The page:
So...Let's Talk About the Harlequinade's Life History in Publishing

A few people in the world have read some or all of my Harlequinade series. Many of those people are NY editors at Big 5 houses, and from most everyone who's read one or more of the books I have gotten seriously mixed signals. 

Let me catch you up. The Harlequinade series is set in a world where American professional theater meets urban fantasy/horror--kind of like Something Wicked This Way Comes had a love child with The Phantom of the Opera. It's a serious genre mashup with elements of horror, paranormal romance, urban fantasy, historical fantasy, time travel, and literary science fiction. The first book in this series, Theater of Seduction, won an award at RT, landed me my awesome agent, and managed to bulldoze its way through numerous publishing departments only to be killed off after multiple reads. The feedback I did receive was a variant of the following:
Don't know where we'd shelve it.
Too intellectual. 
Needs more *insert whatever the last editor said to take out …

The Tragedy of George RR Martin--Discipline, Joy, and Speculative Fiction

Because I write speculative fiction, creating epic novels or series be they fantasy, sci fi, or paranormal is an advantage. Spec fic readers love to immerse themselves in a vast world capable of supporting huge plot arcs with hordes of characters to fall in love with and, in my worlds at least, grieve over after they suffer heinous deaths. That's the kind of interaction any writer craves for their readers. When I get hate mail for killing off favorite characters, I do a little happy dance around my desk. 
When readers get pissed enough to yell at me for killing off a character, that means I did my job right and I did it well. 
Because the readers were so emotionally invested in the story that they responded to that character's death with genuine feeling. 
The great thing about epic fiction is that you can kill off a lot of characters in a long, complex plot arc. 
But there are pitfalls, too. 
Sometimes, an epic plot arc can get away from a writer. I'm a very prolific…

The Happy Warrior

Our world is different different from the world we expected growing up. But one of the biggest differences is how our sense of community has changed. Once, our closest friends, our nearest and dearest, were people who lived in our hometowns, or worked at the same place, or went to the same school. Our acquaintanceships were local. But now, I find that everything is completely reversed. The only reason I know the neighbor's name on one side is because UPS delivered a package to my house by mistake last week. I'll probably have forgotten it here in a week or two. On the other side? I'm clueless.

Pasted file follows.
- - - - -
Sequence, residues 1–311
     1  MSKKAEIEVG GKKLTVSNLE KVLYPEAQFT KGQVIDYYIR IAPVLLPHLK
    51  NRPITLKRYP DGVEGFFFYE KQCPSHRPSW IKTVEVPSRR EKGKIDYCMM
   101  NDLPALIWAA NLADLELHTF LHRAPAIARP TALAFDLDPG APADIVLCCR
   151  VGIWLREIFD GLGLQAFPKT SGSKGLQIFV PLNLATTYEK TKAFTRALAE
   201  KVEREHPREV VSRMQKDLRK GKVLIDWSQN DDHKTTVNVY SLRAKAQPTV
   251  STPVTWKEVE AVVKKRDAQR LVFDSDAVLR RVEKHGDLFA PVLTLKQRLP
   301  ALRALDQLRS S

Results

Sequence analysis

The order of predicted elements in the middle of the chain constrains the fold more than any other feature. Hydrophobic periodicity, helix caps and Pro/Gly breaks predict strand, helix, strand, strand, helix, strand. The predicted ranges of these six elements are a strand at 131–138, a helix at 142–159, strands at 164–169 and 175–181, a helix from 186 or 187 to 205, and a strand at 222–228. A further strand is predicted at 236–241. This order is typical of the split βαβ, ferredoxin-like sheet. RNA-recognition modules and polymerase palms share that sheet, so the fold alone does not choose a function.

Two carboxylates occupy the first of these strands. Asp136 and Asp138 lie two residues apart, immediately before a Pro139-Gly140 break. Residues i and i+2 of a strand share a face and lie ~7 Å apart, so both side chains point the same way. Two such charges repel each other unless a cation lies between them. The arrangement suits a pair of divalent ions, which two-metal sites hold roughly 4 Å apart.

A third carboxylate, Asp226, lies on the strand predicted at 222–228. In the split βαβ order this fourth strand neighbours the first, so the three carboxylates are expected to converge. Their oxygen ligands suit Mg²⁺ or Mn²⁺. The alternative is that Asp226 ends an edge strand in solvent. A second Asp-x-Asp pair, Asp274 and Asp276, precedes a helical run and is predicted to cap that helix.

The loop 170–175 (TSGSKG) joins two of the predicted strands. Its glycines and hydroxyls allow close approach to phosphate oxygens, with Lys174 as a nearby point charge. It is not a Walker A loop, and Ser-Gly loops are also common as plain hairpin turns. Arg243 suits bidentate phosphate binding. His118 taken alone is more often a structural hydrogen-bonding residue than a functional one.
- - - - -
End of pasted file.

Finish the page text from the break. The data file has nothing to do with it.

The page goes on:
But as a result, my community is now global. I know more about what my friend Scarlett in Scotland is doing than anyone who lives on my street. People with like minds and interests come together online, and in a remarkably short period of time are exchanging details about their lives, exchanging points of view, and creating close and palpable relationships with others they&#…

Baylor Rape Scandal for Blogcritics--Part Five

(This is the fifth article in a five part series analyzing athletes, universities, and crime. The primary focus of the series is the ongoing revelations from the rape scandal at Baylor University and was originally published at Blogcritics Magazine on February 4, 2017. I anticipate further articles will follow up this one.)

Welcome to NCAA: Fact or Fanatic, where we’ve reached the final installment of our analysis of athletes’ criminal behavior and the culpability that ensues. Once again, Texas attorney Kevin Lindstrom (who also writes for and Texas-based Laura Leigh Majer, special contributor to and Down and Dirty Sports, weigh in on the issues. Today, we’ll be taking a look at the fans’ part in the growing problem of student-athletes and crime, focused upon Baylor University and other schools with ongoing sexual assault issues.  One of the best places to gather information about how fans feel is The Paul Finebaum Show, a popular sports call-in show on t…

Baylor Rape Scandal for Blogcritics--Part Four

(This is the fourth article in a five part series analyzing athletes, universities, and crime. The primary focus of the series is the ongoing revelations from the rape scandal at Baylor University and was originally published at Blogcritics Magazine on January 12, 2017)
Welcome back to NCAA: Fact or Fanatic, where the season is over but the questions and problems remain. We’ve been taking a look at the staggering number of collegiate athletes who are committing crimes, and the universities’ responses. But there’s another entity we need to factor in here, and that’s the NCAA. How is it possible that the NCAA can cite a school for a violation because of a picture of the coach being too close to a recruit, but not weigh in at all on athletes committing crimes? For an example, let’s go back to Baylor. There isn’t a college football fan in the country who doesn’t know what went down at Baylor. New reports from women who were sexually assaulted continue to come out. The Pepper Hamilton report …